Economic Localism Is No Better than Economic Nationalism
by Steven Horwitz
As Black Friday has continued to expand in recent years, one response to its orgy of discounts and deals has been to promote the following day as “Small Business Saturday.” The idea is to encourage people to shop at their local stores rather than at national chains or big-box stores, or perhaps on the Internet. Doing so, argue its proponents, is both moral and good for the local economy, as it keeps jobs and money in “our communities” rather than, presumably, in the hands of faceless and distant corporate masters.
Let’s ignore the irony that the sponsor of this movement is the international corporation known as American Express. Is a moral or economic case for shopping local, whether on the Saturday after Thanksgiving or in general?
There is not. Many of the same arguments made by progressives in favor of shopping local are the same as those made by Trump and his supporters in favor of what they call “economic nationalism.” For the same reasons that shopping local isn’t morally or economically superior to buying from chains and big boxes, neither is buying “Made in the USA.” The most moral and economic choice is to buy from whomever you want based on your preferences about price, service, or any other number of factors.
Big Boxes Employ Locally
If we only shopped from locally-owned businesses, we would be paying higher prices and overall employment and incomes would be lower. The moral and economic cases against buying local are intertwined. Consider the argument that buying local is better because buying from Walmart or Target doesn’t keep money and jobs in the local community. This argument ignores that the average Walmart Supercenter employs around 400 people and the numbers are similar for Target. Those jobs continue to exist because people shop at those stores. The hundreds employed at any given big box store are just as much members of the local community as are the owners of the small business that compete with the big boxes.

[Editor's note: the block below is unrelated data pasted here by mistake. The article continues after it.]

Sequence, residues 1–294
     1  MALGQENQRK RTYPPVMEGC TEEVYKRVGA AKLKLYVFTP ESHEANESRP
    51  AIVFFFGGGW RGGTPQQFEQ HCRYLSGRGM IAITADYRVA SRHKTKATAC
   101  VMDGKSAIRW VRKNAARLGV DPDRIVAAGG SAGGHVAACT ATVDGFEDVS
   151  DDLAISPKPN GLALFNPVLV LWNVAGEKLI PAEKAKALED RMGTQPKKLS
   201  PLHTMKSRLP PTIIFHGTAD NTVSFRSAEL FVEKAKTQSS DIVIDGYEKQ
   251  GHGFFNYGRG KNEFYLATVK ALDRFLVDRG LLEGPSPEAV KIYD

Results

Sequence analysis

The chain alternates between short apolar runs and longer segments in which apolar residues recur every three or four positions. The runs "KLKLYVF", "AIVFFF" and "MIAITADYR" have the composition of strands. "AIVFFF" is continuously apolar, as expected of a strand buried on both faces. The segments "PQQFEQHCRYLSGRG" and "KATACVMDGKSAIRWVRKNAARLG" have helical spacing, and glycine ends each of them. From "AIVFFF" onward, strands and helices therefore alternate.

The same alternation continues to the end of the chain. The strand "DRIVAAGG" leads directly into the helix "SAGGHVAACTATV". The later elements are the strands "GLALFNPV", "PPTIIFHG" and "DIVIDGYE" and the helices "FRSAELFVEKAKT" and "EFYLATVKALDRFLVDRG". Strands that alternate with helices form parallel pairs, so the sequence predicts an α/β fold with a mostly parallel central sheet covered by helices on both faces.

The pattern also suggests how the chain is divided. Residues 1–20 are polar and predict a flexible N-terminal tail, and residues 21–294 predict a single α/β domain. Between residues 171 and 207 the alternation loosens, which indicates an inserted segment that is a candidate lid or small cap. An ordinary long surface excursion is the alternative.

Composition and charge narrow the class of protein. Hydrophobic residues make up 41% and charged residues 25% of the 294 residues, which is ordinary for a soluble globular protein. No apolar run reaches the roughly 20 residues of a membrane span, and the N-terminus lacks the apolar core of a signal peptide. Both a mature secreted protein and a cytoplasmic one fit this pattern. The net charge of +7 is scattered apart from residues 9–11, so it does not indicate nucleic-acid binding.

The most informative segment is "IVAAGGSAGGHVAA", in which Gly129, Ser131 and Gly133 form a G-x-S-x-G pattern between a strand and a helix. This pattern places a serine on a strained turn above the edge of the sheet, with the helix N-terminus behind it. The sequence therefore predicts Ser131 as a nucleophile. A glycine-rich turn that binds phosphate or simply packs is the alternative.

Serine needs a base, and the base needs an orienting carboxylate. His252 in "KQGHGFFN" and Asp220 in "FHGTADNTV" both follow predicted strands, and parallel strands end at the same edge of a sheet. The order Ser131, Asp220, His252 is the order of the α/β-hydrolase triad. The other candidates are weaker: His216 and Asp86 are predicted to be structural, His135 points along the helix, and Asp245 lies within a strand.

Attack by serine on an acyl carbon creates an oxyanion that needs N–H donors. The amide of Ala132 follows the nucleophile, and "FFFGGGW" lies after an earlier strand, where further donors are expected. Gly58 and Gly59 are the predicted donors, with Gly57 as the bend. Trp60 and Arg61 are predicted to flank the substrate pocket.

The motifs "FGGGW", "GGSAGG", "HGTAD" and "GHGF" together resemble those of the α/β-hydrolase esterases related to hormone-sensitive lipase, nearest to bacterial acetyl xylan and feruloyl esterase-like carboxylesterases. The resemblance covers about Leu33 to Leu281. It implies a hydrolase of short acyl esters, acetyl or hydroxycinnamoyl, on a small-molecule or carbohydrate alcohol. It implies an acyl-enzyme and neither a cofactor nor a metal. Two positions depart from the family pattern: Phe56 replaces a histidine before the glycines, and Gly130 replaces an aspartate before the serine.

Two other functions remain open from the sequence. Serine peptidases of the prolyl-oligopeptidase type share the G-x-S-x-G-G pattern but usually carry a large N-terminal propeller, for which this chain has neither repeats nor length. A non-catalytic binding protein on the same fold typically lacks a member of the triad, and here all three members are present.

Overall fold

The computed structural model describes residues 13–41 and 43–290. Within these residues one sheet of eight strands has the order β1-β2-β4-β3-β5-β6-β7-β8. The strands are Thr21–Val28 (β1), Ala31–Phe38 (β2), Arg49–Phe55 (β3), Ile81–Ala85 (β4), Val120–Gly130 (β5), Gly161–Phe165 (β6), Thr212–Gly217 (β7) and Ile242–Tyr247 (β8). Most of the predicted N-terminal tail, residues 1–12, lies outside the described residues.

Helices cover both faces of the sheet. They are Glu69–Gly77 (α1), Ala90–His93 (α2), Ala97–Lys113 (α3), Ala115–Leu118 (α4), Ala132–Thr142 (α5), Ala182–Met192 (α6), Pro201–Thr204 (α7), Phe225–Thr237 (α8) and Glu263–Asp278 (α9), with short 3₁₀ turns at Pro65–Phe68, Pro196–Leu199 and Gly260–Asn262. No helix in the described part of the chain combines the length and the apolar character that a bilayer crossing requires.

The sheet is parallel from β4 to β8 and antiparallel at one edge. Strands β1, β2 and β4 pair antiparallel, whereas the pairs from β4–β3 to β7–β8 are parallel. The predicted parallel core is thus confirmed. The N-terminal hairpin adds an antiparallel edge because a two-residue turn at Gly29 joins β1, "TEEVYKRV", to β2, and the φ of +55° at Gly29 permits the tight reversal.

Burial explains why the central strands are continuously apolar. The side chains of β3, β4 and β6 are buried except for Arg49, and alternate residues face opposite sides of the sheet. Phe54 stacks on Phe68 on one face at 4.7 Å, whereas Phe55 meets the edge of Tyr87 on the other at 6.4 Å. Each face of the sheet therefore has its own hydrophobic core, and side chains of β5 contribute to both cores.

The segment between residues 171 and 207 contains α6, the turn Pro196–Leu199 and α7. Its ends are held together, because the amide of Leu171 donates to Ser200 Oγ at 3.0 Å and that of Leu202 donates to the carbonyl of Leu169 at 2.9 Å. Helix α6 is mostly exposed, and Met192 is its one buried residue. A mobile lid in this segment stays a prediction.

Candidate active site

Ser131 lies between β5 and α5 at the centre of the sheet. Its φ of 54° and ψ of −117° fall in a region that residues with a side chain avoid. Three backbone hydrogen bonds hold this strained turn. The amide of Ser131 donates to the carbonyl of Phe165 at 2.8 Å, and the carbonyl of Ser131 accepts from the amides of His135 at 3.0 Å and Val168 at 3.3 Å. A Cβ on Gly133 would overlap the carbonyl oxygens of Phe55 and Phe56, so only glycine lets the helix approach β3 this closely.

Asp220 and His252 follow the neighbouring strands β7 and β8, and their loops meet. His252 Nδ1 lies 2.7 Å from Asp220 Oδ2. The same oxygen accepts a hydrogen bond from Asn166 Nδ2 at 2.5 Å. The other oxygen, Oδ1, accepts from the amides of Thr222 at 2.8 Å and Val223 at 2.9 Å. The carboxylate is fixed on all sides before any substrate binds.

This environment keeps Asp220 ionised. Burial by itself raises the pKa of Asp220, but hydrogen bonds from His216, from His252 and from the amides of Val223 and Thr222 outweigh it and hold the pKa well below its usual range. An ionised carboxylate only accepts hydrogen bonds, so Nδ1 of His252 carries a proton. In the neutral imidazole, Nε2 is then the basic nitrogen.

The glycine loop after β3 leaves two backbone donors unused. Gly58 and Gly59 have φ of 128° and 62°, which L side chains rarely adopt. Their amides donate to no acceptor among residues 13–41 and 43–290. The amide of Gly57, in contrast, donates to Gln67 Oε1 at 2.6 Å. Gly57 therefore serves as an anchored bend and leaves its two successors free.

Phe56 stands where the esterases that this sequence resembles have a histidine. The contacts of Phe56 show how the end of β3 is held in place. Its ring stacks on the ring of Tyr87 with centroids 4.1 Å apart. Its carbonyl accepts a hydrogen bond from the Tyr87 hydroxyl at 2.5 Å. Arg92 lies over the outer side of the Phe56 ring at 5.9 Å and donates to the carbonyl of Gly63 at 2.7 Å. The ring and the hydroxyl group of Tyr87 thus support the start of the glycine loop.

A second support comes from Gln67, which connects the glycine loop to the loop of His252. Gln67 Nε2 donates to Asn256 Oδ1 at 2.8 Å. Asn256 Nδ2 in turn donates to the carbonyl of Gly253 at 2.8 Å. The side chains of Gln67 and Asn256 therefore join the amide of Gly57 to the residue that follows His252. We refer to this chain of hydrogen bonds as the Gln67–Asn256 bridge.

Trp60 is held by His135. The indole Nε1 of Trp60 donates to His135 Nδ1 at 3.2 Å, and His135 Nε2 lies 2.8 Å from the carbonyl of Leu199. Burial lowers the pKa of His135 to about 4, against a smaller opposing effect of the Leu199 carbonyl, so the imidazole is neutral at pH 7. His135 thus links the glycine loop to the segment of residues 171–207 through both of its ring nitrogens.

To the extent that the prices at the big box stores are cheaper, they enable those who shop there to have income left over to spend on other goods and services, including things from locally-owned businesses, creating jobs that would not exist otherwise. If we only shopped from locally-owned businesses, we would be paying higher prices and overall employment and incomes would be lower. Plus, consumers would not have access to the variety of goods available at chain and big box stores, forcing them to not only spend more but get less value for it.
The same logic applies to international trade. Those imploring us to “buy local” are falling for the same sorts of fallacies that Trump, and many who voted for him, implicitly accept when they argue for raising barriers to international trade. “Economic localism” is nothing more than a smaller-scale version of the “economic nationalism” of Steve Bannon and other Trump advisors.
Increasing duties on imports, thereby forcing more Americans to buy “local” in terms of the global economy, does nothing to create jobs or improve the economic standing of Americans. “Keeping the money in the USA,” like “keeping the money in the community,” harms those it is intended to help, and does so for the same reasons.
Forcing Americans to buy only, or predominantly, American-made products means we will spend more to get less, and the net effect on jobs will be zero at best. Globalized trade certainly shifts the mix of jobs in the US economy, as we have shifted in relative terms from manufacturing to hi-tech or services for example, but does not reduce the total number of jobs. One need only look at the data on overall job growth, and the increased variety of cheaper and better goods available to even the poorest Americans, over the last 30 years to see this.
The moral case for buying local is similarly weak. It’s best seen by making the moral case for buying globally.